Mary Dejevsky: Even cold warriors like me miss the communists

 

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The venue was a higgledy-piggledy alternative bookshop of the sort I – and probably you, too – thought had died a death in today's Britain.

There were lines of folding chairs all squashed together, and not a free one in sight. A couple of men, who looked as though they should have grizzled beards even though they didn't, shambled to their feet and offered me a seat. Declining apologetically, I pushed a pile of books (carefully) to one side and perched on a shelf – which seemed more in the spirit of things.

This was the decidedly non-star-studded launch of After the Party, a collection of reminiscences by one-time British communists, who had been cast adrift when their party, with uncharacteristic realism, summarily dissolved itself after the Soviet collapse. The book set out to discover what they had done next.

Most of those there seemed between 60 and 80; generally spry, with a dogged air tinged with stroppiness. Dresswise, many could have passed for those besandalled Lib Dems of yore. Clearly, those of a more materialist bent had lost the faith sometime before it forsook them. But there were other striking features of this gathering. Suddenly party-less after 1992, some had reluctantly joined Labour; others had become local councillors or single-issue activists; yet others left politics altogether. But all retained a sense that, with the passing of the British CP, something had been lost. For many, that something was an intellectual quest that, as they cheerfully acknowledged, entailed hair-splitting squabbles about ideology. They might once have embraced the collective, but many found their new parties too conformist, too managerial for their taste.

They waxed nostalgic, too, about workers' education and internationalism, while arguing that international solidarity fostered an eclectic sense of global geography that gave pride of place to Central America, parts of Africa and everything beyond the Berlin Wall. Today's politics, they complained, was parochial.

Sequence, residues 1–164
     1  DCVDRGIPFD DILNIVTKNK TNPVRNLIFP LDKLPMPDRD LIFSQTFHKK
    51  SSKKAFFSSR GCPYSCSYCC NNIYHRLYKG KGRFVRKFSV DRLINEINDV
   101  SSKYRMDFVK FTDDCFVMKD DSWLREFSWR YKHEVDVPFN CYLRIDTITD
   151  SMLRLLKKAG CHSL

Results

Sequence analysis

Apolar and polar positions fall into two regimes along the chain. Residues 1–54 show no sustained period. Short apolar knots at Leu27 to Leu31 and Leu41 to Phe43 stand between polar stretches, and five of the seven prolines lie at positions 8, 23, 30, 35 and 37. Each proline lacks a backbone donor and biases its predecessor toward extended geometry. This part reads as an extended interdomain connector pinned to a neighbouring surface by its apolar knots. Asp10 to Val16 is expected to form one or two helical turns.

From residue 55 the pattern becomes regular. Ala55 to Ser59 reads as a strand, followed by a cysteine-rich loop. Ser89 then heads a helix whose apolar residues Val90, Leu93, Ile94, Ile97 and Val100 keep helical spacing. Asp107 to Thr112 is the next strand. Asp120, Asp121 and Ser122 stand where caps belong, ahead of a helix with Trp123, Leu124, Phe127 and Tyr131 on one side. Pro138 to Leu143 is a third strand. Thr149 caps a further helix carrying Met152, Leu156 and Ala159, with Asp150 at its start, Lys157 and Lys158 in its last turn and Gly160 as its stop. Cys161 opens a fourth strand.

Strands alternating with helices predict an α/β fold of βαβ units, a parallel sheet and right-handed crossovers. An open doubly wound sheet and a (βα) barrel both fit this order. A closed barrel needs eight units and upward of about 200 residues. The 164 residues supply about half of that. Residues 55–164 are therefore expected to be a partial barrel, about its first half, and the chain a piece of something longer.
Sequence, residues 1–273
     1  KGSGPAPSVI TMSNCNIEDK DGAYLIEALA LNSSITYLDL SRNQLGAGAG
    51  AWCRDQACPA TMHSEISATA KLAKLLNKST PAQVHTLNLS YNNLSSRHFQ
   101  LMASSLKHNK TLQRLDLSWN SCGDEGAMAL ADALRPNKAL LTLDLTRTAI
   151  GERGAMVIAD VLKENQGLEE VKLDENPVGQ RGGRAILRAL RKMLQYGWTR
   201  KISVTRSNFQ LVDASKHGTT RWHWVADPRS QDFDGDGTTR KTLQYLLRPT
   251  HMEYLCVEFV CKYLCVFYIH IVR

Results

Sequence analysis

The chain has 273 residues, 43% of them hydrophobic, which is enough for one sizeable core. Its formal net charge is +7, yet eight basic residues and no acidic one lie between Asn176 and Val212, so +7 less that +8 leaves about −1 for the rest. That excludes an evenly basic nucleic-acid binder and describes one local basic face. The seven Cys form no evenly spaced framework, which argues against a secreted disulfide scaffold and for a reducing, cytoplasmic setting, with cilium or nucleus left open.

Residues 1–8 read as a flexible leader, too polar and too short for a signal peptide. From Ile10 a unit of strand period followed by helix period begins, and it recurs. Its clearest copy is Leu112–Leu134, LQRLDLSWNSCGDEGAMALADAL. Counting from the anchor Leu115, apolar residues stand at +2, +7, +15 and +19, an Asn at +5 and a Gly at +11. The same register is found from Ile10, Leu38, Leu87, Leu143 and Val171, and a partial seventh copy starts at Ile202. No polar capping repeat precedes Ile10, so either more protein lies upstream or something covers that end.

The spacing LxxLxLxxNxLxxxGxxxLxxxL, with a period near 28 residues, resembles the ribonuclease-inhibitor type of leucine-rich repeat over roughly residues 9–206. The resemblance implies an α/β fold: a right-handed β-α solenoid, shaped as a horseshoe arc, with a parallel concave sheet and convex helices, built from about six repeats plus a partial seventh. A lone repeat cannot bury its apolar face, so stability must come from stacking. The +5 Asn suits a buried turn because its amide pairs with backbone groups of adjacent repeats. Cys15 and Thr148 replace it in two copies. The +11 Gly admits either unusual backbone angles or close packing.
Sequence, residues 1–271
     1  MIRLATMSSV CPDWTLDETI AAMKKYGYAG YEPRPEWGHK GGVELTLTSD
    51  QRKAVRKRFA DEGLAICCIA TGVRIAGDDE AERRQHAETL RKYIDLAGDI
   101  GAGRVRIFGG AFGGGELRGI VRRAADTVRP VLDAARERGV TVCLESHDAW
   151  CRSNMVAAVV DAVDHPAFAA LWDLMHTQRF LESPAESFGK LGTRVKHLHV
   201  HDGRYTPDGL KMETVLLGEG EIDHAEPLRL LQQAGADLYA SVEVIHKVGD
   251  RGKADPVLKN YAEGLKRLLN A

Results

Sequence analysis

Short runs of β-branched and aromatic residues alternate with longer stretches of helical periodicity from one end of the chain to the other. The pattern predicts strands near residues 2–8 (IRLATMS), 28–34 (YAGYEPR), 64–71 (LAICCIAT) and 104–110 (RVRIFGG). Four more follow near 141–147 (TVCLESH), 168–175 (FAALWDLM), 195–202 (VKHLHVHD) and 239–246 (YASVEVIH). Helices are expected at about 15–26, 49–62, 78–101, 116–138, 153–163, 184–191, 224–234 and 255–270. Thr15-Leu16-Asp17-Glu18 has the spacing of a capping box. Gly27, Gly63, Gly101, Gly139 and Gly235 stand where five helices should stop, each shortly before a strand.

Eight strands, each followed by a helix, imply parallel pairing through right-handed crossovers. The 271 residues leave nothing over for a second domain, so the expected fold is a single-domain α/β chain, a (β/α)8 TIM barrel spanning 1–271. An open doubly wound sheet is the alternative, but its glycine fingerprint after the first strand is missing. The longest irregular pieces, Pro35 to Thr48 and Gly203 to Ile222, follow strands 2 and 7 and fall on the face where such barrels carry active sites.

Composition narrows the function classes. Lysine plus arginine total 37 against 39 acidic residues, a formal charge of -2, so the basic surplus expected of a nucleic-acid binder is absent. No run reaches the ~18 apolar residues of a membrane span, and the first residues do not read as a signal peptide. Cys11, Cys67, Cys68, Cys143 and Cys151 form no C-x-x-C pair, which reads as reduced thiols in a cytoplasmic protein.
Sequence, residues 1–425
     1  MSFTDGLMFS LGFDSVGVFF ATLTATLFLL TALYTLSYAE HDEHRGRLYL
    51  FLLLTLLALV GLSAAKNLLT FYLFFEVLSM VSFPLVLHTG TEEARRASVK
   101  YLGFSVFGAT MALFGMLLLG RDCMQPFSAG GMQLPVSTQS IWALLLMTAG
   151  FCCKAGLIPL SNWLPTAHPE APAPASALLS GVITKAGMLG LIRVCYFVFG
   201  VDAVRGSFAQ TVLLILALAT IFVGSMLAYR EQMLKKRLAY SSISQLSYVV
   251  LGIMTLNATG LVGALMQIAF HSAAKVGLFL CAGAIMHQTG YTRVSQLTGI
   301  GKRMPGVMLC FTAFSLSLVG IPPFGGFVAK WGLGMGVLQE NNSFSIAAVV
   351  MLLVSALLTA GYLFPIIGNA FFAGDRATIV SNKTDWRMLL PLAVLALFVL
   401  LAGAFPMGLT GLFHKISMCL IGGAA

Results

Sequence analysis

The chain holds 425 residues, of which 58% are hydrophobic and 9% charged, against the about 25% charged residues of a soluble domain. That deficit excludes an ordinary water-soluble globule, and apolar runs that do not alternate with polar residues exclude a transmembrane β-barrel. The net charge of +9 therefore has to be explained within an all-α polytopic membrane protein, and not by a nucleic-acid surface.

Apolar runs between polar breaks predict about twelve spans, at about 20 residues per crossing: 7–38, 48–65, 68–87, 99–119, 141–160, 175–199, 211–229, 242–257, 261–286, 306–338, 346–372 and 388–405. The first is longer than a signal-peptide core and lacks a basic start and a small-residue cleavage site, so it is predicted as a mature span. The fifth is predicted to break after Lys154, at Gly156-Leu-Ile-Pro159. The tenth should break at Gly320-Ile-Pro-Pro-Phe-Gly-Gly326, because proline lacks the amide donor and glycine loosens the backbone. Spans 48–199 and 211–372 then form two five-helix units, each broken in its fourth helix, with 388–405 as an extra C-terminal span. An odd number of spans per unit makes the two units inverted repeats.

With a past that has more of the cold warrior than the commie, I'm still sorry that this home-grown ideological enemy is no longer around. There should be a place in British politics for a party of the far left, that exalts work and refuses to compromise with capitalism. Indeed, with the banks and everything else the way it is, you would have thought the British communists could ride again. One glance around this gathering, though, showed that such a renaissance was clearly not to be.

And a confession. I suspect that the live characters, the mood and the demographic are at least as evocative as the book itself – which I haven't yet read. My reason (excuse) is that the dear ex-commies stashed all the books somewhere behind the speakers, so anyone leaving promptly had first to complete an assault course through the chairs. What a contrast to most launch parties, where shelling out for the book is the point. Then again, that omission might also help to explain why the British Communist Party didn't survive.

Run, Lakshmi, run!

You may not have seen much about this in the national media, but the Olympic torch relay, which is currently wending its way through the Midlands and East Anglia, has been a huge success, attracting large and enthusiastic crowds almost everywhere it has passed.

And for all the criticism that money prevails, and that worthy would-be torchbearers were passed over in favour of those with links to commercial sponsors, there has been room – if not as much as there should have been – for admirable feats by genuine local heroes, including those terribly injured in our wars. Courage in the face of adversity has been at least as prominent a theme as rustling notes and the tinkling of coins.

It also seems to me unjust to condemn all company runners for supposedly hogging the historic experience. When the relay reaches its final stages in London later this month, among those carrying the torch through Kensington will be Britain's richest man, Lakshmi Mittal – who was a steel magnate and job creator long before he sponsored Anish Kapoor's much-maligned Orbit sculpture at the 2012 Olympic Park.

Rather than condemning Mittal for "buying" his run, should we, and the London Olympic authorities, not be flattered that someone with much else to do and so many claims on his time has chosen to spend some of it running with the torch. I think it reflects well upon him that he is willing to leave his mansion in torch-bearer's uniform, and I hope I won't be the only one cheering him from our office window.

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